Student 1:

I’ll try it. I think repression is an unconscious response to serious events or images but suppression is more conscious and deals with something unpleasant but not usually, well, terrible experiences.


I couldn’t have said it better. Now remember that the thoughts or feelings that we’re trying to repress may include, just to mention a few, anger, depression, competition, uh … fear, envy, hate, and so on. For instance, let’s suppose that you’re very angry with your professor. Not me, of course. I’m referring to another professor. So, you’re very angry because he’s treated you unfairly in some way that . .. that could cause you to lose your scholarship. Maybe he failed you on an examination that didn’t really cover the material that he’d gone over in class, and an F grade in the course is going to be unacceptable to your sponsors. So, this would be very painful, as I’m sure you’d agree. And I’d say it would qualify as a serious event.

So let’s take a look at several cfifferent types of defense mechanisms that you might employ to repress the feelings of disappointment, rage perhaps, and … and even violence that you’d feel toward the professor. Most of them are named so the mechanism is fairly obvious and one of the most common mechanisms is denial, which is …

Student 2: If I want to deny something, I’ll just say I’m not angry with the professor.


Exactly. You may even extend the denial to include the sponsors, and you could tell your friends that they’d never revoke your scholarship. And this mechanism would allow you to deny the problem, even in the face of direct evidence to the contrary. Let’s say. a letter from the sponsor indicating that you won’t receive a scholarship for the next term Okay on that one? Okay. How about rationalization?

Student 2: Well, in rationalization, you come up with some reasons why the professor might have given an unfair test.

Professor And how would you do that?

Student 2: Well, you might defend him. You could say that he gave the test to encourage students to leam information on their own. Is that what you mean?


Sure. Because you’d be rationalizing … providing a reason that justifies an otherwise mentally intolerable situation. Okay, another example of rationalizing is to excuse the sponsor for refusing to hear your side of the situation. You might say that sponsors are too busy to investigate why students are having problems in their classes. And you might do that while you deny your true feelings that sponsors really should be more open to hearing you out.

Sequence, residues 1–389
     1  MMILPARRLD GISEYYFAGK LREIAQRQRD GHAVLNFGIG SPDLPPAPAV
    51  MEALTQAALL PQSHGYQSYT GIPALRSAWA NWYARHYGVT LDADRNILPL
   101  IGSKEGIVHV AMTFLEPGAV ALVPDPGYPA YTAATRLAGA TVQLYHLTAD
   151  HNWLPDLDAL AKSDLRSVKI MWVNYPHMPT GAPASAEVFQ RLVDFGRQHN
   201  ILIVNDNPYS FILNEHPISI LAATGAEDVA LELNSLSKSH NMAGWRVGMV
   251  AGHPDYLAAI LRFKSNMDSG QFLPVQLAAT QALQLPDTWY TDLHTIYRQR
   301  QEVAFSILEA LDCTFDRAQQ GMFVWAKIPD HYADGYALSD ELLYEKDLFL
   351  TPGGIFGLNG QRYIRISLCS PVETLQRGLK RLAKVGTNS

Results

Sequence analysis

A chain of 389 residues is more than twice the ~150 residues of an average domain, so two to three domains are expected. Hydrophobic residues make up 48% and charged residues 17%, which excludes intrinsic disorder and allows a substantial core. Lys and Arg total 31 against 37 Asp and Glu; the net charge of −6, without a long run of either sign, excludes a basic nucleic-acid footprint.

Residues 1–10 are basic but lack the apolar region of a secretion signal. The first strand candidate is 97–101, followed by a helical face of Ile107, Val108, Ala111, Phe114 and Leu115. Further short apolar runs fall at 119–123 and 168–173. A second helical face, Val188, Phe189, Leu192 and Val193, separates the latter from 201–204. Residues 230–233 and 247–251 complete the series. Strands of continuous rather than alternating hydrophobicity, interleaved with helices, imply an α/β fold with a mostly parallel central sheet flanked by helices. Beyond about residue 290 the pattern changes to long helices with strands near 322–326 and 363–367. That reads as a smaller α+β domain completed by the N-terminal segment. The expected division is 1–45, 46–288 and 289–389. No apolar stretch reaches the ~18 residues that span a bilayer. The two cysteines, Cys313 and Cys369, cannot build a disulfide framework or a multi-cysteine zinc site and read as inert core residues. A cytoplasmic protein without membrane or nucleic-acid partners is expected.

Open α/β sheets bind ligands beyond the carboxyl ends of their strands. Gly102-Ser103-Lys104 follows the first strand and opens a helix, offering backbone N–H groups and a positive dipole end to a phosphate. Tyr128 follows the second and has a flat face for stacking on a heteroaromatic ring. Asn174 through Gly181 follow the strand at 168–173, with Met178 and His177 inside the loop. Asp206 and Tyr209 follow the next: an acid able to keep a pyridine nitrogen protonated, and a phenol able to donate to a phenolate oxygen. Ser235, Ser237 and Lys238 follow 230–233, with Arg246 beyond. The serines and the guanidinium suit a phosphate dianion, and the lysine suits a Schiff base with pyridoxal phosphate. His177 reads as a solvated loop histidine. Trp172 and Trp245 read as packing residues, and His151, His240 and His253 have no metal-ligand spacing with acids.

Student 3: So when you deny something, I mean when you use denial, you’re refusing to acknowledge a situation, but… when you use rationalization, you’re excusing the behavior?


Excellent summary. So, now let me give you another option. If you use a reaction formation as a defense mechanism, you’ll proclaim the opposite of your feelings. In this case, what would you say about the professor?

Student 4: I’d say that I like the professor when, in fact, I hate him for destroy … depriving me of my opportunity.


And you might insist that you have no hard feelings and even go so far as to tell your friends that he’s an excellent teacher. You see, a reaction formation turns the expression of your feelings into the opposite reaction, that is, on the surface.

And that brings us to projection, which is a defense mechanism that tricks your mind into believing that someone else is guilty of the negative thought or feeling that you have.

Student 1: Can you give us an example of that one?


Okay. Feelings of hate for the professor might be expressed by telling classmates about another student who hates the professor, or, uh,      or even suggesting that the professor has strong feelings of hate for you but you really like the professor yourself. So you would project, um,… attribute your feelings … to someone else. Get it?

Student 1: So if I hate someone, I’d believe that another person hates him or that he hates me.

Professor: But you wouldn’t admit that you hate him yourself.

Student:         Okay. That’s projection.


Now displacement serves as a defense mechanism when a less threatening person or object is substituted for the person or object that’s really the cause of your anxiety. So, instead of confronting the professor about the unfair test, well, you might direct your anger toward the friend who studied for the test with you, and you could blame him for wasting your time on the material that was in the book and notes.

Of course, there are several other defense mechanisms like fantasy, which includes daydreaming or watching television maybe to escape the problems at school. Or regression, which includes immature behaviors that are no longer appropriate, like, uh, maybe expressing temper in the same way that a preschooler might respond to having a toy snatched away. And your textbook contains a few more that we haven’t touched on in dass.

Just one more thing, it’s good to understand that the notion of unconscious thoughts and the mechanisms that allow us to manage them, that this is a concept that goes in and out of fashion. Many psychologists rejected defense mechanisms altogether during the 70s and 80s, and then in the 90s, cognitive psychologists showed a renewed interest in research in this area. But I must warn you, that although they found similar responses, they tended to give them different names. For instance, denial might appear in a more recent study as positive illusion, or scapegoating might be referred to instead of displacement: But when you get right down to it, the same categories of behavior for defense mechanisms still exist in the research even if they’re labeled differently. And, uh, in my view, if you compare Freud’s traditional defense’mechanisms with those that are being presented by more modem researchers, you’ll find that Freud is easier to understand and gives us a broader perspective. And, if you understand Freud’s categories, well, you’ll certainly be able to get a handle on the newer terms. What is exciting about the modem studies is the focus on coping skills and what’s being referred to as healthy defenses. So next time, we’ll take a look at some of these processes.